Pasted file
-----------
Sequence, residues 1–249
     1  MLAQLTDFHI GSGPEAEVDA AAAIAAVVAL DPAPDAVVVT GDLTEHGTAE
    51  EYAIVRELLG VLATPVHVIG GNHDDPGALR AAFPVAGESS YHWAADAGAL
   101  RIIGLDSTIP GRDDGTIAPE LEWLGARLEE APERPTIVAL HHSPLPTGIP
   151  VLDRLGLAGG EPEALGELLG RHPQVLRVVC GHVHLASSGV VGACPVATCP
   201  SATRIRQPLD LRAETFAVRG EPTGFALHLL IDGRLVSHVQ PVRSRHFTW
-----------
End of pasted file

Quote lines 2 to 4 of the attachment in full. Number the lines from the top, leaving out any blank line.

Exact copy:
     1  MLAQLTDFHI GSGPEAEVDA AAAIAAVVAL DPAPDAVVVT GDLTEHGTAE
    51  EYAIVRELLG VLATPVHVIG GNHDDPGALR AAFPVAGESS YHWAADAGAL
   101  RIIGLDSTIP GRDDGTIAPE LEWLGARLEE APERPTIVAL HHSPLPTGIP